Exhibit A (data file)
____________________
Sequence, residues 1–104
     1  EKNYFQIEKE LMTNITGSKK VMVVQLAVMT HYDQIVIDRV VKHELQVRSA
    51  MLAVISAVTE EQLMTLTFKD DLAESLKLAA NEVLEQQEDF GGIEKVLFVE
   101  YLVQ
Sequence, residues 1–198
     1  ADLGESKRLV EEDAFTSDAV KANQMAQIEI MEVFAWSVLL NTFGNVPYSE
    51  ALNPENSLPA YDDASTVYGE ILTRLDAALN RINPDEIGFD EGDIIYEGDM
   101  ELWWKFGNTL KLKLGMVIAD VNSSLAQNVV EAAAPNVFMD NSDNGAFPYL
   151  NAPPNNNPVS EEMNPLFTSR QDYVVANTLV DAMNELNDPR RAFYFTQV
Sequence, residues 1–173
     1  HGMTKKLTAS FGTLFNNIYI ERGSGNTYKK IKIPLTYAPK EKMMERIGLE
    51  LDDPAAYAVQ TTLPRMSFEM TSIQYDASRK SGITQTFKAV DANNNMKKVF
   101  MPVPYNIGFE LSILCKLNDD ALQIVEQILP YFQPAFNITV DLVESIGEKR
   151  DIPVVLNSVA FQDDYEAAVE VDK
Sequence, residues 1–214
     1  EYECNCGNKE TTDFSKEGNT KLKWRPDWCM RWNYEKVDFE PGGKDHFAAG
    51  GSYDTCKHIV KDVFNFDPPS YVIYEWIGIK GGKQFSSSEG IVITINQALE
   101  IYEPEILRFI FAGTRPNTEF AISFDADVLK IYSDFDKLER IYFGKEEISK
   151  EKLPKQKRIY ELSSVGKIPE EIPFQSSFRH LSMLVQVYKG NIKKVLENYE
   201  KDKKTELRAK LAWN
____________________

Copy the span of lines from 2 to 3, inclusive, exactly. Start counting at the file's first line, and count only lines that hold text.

     1  EKNYFQIEKE LMTNITGSKK VMVVQLAVMT HYDQIVIDRV VKHELQVRSA
    51  MLAVISAVTE EQLMTLTFKD DLAESLKLAA NEVLEQQEDF GGIEKVLFVE